Kerry Washington is used to playing a powerful woman in Washington, D.C., but five seasons of “Scandal” could not prepare her for taking on a real-life figure with a monumental story.

“I think I feel inspired,” Washington said Thursday at HBO’s “Confirmation” panel at the Television Critics Association in Pasadena, Calif. when asked by a reporter if she has a cynical view on D.C., after filming the two very different dramas, both set in the U.S. capital.

That inspiration, Washington said, comes from the “cultural shift” that one person can make — referring to Anita Hill, who she portrays in HBO’s upcoming film, which chronicles the high profile 1991 case in which Hill, a young African-American law professor, accused her former boss and Supreme Court nominee Clarence Thomas (played by Wendell Pierce) of sexually harassing her.

Washington — who said that the film’s cast and crew had to take a sexual harassment class before filming began — said that despite the outcome of the real-life case, she’s inspired by the impact it had on victims’ rights, sexual harassment and race. Along with the rest of the cast, including Greg Kinnear who plays Joe Biden, she explained that one of the goals of the HBO project was to continue the conversation.

“Some of the issues are still rearing their head, in terms of gender and in terms of race and how we understand those things,” Washington said. “The outcome that happened is that the conversation began and we want to make sure that conversation continues.”

Though viewers know how the story ends, said Kinnear, “It’s much richer than what you would expect. It’s not as simple as he-said-she-said. It’s so much broader and deeper than that and that’s a testament to great filmmaking.”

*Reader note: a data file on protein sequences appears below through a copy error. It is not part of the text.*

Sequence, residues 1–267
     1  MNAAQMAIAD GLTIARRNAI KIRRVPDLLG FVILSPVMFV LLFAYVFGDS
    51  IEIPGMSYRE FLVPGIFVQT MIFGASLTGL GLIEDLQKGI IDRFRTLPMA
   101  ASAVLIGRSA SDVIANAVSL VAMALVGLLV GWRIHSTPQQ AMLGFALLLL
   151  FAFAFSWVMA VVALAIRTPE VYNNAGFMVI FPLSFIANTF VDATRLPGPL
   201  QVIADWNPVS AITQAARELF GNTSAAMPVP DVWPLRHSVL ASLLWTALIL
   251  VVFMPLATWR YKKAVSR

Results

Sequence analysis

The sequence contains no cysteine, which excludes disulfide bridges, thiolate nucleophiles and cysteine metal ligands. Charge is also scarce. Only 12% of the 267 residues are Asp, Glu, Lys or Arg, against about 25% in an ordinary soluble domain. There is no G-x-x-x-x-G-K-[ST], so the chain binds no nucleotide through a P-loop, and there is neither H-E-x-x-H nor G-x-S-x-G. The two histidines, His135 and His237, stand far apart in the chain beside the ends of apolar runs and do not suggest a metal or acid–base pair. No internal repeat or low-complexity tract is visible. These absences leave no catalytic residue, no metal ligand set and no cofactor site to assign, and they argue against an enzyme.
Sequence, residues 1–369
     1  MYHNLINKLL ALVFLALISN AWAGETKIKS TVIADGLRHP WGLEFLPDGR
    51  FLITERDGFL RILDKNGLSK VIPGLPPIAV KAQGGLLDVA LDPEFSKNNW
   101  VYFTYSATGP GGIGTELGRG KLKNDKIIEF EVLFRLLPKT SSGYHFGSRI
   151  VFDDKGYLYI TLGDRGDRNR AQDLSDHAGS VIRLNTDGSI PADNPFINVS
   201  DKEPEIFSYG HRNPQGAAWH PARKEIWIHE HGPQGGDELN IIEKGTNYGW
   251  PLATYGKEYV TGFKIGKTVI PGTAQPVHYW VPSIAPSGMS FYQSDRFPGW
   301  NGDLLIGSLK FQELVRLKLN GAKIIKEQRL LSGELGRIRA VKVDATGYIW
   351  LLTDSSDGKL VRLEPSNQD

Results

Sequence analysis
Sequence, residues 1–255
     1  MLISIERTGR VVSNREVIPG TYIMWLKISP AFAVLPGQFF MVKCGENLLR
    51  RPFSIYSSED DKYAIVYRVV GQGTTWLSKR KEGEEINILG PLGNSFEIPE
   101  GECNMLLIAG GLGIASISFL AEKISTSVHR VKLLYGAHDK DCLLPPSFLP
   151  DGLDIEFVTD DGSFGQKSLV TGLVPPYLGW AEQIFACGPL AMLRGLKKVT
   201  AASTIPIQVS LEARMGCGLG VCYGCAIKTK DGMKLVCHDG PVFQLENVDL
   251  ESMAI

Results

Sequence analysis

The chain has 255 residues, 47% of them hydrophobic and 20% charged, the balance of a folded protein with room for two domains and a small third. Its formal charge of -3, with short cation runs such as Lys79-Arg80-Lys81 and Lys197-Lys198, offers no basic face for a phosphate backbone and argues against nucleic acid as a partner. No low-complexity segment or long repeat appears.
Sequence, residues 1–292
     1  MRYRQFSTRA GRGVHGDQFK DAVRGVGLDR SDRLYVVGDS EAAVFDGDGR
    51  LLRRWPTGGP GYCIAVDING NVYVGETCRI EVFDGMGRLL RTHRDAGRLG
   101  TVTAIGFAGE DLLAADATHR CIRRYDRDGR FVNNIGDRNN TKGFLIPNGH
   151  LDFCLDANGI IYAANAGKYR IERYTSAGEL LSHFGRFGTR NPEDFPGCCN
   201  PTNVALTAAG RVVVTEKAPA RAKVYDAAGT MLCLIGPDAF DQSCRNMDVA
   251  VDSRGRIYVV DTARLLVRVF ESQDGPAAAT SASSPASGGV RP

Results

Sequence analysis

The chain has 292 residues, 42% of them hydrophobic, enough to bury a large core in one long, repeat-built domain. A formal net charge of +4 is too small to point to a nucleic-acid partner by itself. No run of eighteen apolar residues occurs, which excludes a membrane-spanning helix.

Scribe Susannah Grant spoke to the film-making, noting that her research was deep, but readily available, given the content’s circumstances. “One of the benefits of this is it was such a painful and traumatic experience for almost everyone involved so everyone wrote about it,” Grant said. “I have a massive shelf of books on it. We pondered briefly even if it would be a longer piece, but decided that this would be the best structure for it.”

As for Washington’s research, part of her preparation was meeting with Hill.

“I have met her and she is very private. I think that was something that she and I really shared — the circumstances of your personal life being thrust into the public eye when it’s not really your choice — that’s something we really bonded on,” Washington said. “I wish that I had the level of elegance and grace that I think Anita did. I just keep trying to learn to live a public life and still have some private space.”

Asked if she felt any pressure to portray Hill, Washington admitted, “Yeah, I was terrified. Portraying somebody who’s real is a different type of responsibility, especially when they’re alive. That responsibility was not lost on me.”